France’s special operations forces will have their work made slightly easier once they get the Fardier, an air-droppable, lightweight all-terrain vehicle designed to transport all the “impedimenta”: bags, reserves of food, water and ammunition that special forces personnel today have to carry with them and which can weigh upwards of 50kg a man. It basically will allow special forces to land much further away from their target than they can now by allowing them to drive to it rather than having to walk there. And they’ll be less tired when they arrive! The first call for candidates interested in developing this vehicle closed on March 15.
Publicly available documents consulted by FOB show that the Fardier will weigh somewhere between 400-600kg, while its air-droppable trailer will weigh between 200-400kg. The vehicle will be equipped with various communications systems and brackets for equipment such as infra-red and visible spectre spotlights, Defence Advanced GPS Receiver, flash lights, fire extinguishers and so on. It will have to have a diesel engine.
The industrial group chosen to build around 300 Fardiers and 200 trailers will also have to develop and supply all the tools, spares, documents, and training as well as offer an after-sales service for 10 years.
Once the contract has been attributed, the winner will have 13 years in which to deliver all the vehicles according to the official documentation. However, General Charles Beaudouin, director of the Army’s technical service, the STAT, says he wants the Fardiers delivered before 2020.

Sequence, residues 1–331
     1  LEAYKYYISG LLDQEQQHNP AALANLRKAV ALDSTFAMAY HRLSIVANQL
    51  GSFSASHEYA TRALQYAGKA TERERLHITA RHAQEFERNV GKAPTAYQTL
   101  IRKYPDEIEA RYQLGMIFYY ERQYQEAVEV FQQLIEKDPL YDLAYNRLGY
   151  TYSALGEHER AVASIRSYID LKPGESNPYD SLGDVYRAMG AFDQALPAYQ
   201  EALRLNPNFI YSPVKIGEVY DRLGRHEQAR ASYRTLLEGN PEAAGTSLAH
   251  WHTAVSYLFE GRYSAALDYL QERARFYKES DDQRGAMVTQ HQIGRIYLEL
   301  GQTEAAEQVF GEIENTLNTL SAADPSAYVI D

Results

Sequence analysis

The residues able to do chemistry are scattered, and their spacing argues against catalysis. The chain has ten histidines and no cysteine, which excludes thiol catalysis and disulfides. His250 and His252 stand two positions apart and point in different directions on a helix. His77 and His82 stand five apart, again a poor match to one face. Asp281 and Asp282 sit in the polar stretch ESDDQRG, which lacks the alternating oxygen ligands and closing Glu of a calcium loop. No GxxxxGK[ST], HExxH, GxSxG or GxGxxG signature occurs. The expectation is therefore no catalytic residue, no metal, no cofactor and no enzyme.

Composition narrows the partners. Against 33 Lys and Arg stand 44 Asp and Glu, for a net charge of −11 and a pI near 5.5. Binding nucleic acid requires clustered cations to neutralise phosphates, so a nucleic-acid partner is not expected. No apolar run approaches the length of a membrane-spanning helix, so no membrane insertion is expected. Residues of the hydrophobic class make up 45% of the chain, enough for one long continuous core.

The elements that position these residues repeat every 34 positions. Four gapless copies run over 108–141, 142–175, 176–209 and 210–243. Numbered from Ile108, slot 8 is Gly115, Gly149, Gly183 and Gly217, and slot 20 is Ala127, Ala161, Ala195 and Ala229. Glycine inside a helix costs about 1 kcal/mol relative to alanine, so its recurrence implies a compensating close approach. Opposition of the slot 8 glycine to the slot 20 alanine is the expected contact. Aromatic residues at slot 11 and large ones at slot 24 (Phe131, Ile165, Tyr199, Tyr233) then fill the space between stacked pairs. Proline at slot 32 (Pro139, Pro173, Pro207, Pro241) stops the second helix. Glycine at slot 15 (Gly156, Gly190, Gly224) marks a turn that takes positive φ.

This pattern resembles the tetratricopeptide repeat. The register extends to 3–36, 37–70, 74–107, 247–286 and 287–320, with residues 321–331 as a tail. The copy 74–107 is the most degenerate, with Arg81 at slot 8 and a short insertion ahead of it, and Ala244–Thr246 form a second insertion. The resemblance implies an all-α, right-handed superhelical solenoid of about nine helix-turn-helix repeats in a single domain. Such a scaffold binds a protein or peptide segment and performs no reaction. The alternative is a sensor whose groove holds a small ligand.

It is FOB’s understanding that a number of industrial groupings have submitted their candidacies. But their names are a tightly kept secret so we dug around to see what other countries are doing in this field and to give us a possible idea of what the Fardier may look like and which companies may possibly be interested in the French market. We’re assuming that these industrial groupings, if they involve a U.S. company for example, will include at least one French company to front the offering.
The result of our digging is that the only other nation that seems to be actively seeking a special operations air-droppable vehicle is the United States. In July 2015 the US Special Operations Command purchased 2,000 light tactical all-terrain vehicles (LTATV), (now known as “ground mobility vehicle” or GMV) from US company Polaris, of which 1,750 are the MRZR-4 and 300 the smaller MRZR-2. Could Polaris possibly have teamed up with a French company?
And then there are the six companies that were showing their GMVs at
Fort Bragg, North Carolina last summer to the US Army’s 82nd Airborne Regiment. Apart from Polaris, which was showing the DAGOR, there was Boeing with its MSI Defense Phantom Badger, Vyper Adamas showing its V3X (it intends to offer the V4X variant for the GMV), Lockheed Martin with its High Versatility Tactical Vehicle, Hendrick Dynamics with its Commando Jeep and General Dynamics was demonstrating its Flyer 72.
The contract may have appealed to small French company UNAC which already supplies the TNA tractor-leveller to the French army, but they don’t seem to have anything on their current product catalogue that looks anything like a GMV. But they do have the air-droppable know-how.
If one looks slightly further afield, the Spider Light Strike Vehicle used by the Singapore Army, designed and produced by Singapore Technologies Kinetics Ltd. could perhaps be modified to make it air-droppable as it is currently only air-transportable. This vehicle is already used by special forces in Indonesia, Greece, Israel and the United States.
A vehicle introduced onto the international market place in January 2015 and which is air-droppable is the eXV-1 designed and developed by small US company MILSPRAY in Lakewood, NJ. It weighs 453kg and can tow the same mass but doesn’t currently appear to have a trailer.
So, there are clearly a number of vehicles out there that can be adapted to the French Army’s needs. We’ll have to wait and see what the French procurement agency decides but if they are to be operational by 2020 a decision will have to be made within the next 18 months.